FCC launches social media projects, but critic raps transparency shortcomings

Agency reaches out on Web, but electronic comments system 'antiquated'

The Federal Communications Commission has launched several new social media tools on the Web for more interactive dialogue with the public. However, a critic calls the projects misplaced priorities when the FCC’s official electronic public comment system falls short on transparency.

On Sept. 10, the commission said its chairman, Julius Genachowski, had posted his first online video blog, and the commission debuted an online Web dialogue that invited the public to comment on the commission's National Broadband Plan. The dialogue had generated 21 ideas and 192 votes by this afternoon.

Meanwhile, although the reaction to those developments was generally positive, Berin Michael Szoka, a senior fellow at the Progress and Freedom Foundation, said the FCC should make improvements to its official Electronic Comment Filing System (ECFS) a higher priority to allow greater accessibility to the public rather than establishing new Web sites for similar purposes.

Currently, the comment filing system contains about 10,000 public comments on the FCC’s broadband plan. Szoka described the system as "antiquated" and "horrendous" in its limited functionality.

“It seems pretty obvious that the top priority ought to be making official government documents available,” Szoka said today. “Unless you can make those comments accessible to the public, you essentially have no transparency. ”

Szoka said the EDFS is very difficult to use and of limited value because it cannot be readily searched. Limited searches are permitted by specific pre-defined categories, but it is a cumbersome process with many shortcomings. “The basic functionality is just horrendous. You cannot search the text of the [public] comments,” Szoka said. “It really shuts out the public from being able to access information.”

An FCC official today acknowledged that the system needs substantial improvement. However, he defended the new initiatives as having a short-term and immediate benefit.

“We are working on improvements to the [ECFS], but it is not a zero-sum game,” said Mark Wigfield, a spokesman for the FCC.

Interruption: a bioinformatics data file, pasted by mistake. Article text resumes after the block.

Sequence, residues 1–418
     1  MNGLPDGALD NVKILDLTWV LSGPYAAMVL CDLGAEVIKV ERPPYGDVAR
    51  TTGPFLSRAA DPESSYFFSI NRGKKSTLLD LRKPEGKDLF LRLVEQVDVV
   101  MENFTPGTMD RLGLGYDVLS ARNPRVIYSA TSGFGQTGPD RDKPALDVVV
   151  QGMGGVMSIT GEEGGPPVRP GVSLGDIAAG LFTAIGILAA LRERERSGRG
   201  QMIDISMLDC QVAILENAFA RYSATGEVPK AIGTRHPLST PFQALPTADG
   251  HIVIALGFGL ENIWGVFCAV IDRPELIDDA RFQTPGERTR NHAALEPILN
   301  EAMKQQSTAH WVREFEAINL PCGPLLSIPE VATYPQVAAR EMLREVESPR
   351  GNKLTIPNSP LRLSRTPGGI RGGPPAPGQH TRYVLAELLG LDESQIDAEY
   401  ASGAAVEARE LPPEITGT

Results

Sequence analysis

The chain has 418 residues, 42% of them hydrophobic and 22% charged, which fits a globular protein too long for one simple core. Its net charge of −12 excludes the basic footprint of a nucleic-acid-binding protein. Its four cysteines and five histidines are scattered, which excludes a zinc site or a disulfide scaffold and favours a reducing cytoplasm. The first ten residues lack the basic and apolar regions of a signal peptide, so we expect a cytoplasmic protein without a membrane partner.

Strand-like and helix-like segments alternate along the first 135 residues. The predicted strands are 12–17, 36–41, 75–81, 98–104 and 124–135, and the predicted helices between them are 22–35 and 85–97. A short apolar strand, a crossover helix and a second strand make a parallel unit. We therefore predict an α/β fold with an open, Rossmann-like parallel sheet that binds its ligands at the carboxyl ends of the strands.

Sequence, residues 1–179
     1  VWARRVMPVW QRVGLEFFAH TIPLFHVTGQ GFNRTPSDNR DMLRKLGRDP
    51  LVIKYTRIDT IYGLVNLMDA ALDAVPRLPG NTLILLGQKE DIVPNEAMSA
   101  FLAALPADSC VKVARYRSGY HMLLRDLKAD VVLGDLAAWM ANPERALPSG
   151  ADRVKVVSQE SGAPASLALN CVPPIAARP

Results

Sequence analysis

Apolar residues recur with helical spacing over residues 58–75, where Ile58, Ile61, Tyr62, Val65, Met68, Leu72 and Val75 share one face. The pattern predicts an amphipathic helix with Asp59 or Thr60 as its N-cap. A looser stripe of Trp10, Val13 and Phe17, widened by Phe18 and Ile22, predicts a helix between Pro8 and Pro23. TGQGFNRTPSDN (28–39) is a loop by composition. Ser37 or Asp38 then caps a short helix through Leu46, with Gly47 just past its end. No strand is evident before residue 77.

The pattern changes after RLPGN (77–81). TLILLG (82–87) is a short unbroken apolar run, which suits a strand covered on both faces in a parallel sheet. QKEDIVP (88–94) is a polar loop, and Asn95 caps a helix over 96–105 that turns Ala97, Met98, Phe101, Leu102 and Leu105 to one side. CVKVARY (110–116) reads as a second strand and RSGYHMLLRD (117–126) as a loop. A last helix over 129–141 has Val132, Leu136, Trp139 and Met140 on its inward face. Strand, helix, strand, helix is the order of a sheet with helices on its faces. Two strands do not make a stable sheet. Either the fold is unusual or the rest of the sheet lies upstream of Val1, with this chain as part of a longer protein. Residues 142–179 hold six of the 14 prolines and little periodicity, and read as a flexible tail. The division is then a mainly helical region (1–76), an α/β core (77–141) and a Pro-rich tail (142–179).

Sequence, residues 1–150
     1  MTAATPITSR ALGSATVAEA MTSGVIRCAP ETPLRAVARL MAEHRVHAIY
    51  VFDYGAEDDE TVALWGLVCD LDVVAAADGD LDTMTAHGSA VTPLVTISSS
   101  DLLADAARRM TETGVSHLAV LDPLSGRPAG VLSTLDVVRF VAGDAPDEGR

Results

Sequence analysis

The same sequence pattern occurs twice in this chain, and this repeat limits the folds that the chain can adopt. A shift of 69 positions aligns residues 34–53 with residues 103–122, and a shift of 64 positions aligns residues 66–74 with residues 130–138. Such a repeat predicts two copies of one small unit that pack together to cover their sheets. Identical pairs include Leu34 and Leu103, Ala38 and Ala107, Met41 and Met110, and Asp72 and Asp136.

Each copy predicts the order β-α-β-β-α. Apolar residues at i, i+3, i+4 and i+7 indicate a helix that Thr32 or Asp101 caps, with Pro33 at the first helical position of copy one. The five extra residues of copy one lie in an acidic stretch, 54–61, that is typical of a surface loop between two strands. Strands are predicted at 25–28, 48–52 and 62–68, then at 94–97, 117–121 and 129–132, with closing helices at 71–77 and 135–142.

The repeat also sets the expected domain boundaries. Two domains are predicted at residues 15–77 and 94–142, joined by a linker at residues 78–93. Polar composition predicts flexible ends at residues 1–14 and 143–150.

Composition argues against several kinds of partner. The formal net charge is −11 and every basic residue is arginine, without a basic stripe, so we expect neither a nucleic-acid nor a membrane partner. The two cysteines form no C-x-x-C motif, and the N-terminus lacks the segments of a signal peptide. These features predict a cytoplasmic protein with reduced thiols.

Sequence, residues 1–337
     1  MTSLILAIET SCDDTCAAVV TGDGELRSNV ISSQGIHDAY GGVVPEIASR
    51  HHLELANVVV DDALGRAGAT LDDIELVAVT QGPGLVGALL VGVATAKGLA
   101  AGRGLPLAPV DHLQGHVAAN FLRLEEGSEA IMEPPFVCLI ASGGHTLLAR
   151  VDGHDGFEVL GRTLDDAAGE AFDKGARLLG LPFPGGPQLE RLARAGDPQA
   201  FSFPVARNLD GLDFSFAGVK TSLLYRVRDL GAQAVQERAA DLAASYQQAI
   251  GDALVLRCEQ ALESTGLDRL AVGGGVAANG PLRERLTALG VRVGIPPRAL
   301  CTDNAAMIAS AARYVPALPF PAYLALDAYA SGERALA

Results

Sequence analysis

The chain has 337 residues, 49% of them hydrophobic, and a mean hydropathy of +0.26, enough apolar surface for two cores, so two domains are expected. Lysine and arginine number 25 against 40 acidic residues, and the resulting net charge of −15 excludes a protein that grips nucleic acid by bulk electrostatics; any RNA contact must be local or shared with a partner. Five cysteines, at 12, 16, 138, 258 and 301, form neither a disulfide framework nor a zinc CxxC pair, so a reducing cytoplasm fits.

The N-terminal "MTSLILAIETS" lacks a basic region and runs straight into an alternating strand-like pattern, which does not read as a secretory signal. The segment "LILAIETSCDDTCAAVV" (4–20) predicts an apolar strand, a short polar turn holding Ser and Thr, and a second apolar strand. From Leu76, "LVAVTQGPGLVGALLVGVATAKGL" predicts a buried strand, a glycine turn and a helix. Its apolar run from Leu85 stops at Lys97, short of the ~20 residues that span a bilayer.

The Web dialogue “provides another way for public comment, and with great ease. The comments [collected in the Web dialogue] will be included in the record,” Wigfield said. “This is just providing another avenue and hopefully, in the not-too-distant future, the ECFS will be easier to use and easier to search.”

Art Brodsky, a spokesman for Public Knowledge, a nonprofit group that advocates citizen access to technologies, did not take issue with the FCC’s priorities.

“There is no reason to wait to start a Twitter account or a blog,” Brodsky said. “I think they recognized that and brought it up quickly. It is a good first step for them to modernize their face to the public."

The FCC has agreed to revamp the ECFS but it will take time to accomplish that, he added.“To start a Twitter account takes about five minutes; a blog is about 10 minutes,” Brodsky said. “To redesign a Web site is a more complex task.”

Although Genochowski scored points for being apparently the first FCC chairman to debut a blog, other federal agency executives have been actively blogging for a year or more.

Overall, the FCC is earning kudos for reaching new audiences on the Web. “We think it’s very promising to see the FCC reaching out beyond its traditional constituency,” said Amy Fuller Bennett, program associate with OpenTheGovernment.org.

However, it's too early to know how successful the FCC’s Web project will be. “In general, we are cautiously optimistic about the use of the Internet to engage citizen in the policy-making process," Bennett said. "The administration has launched a number of similar initiatives, but it is still too early to judge the results."

About the Author

Alice Lipowicz is a staff writer covering government 2.0, homeland security and other IT policies for Federal Computer Week.


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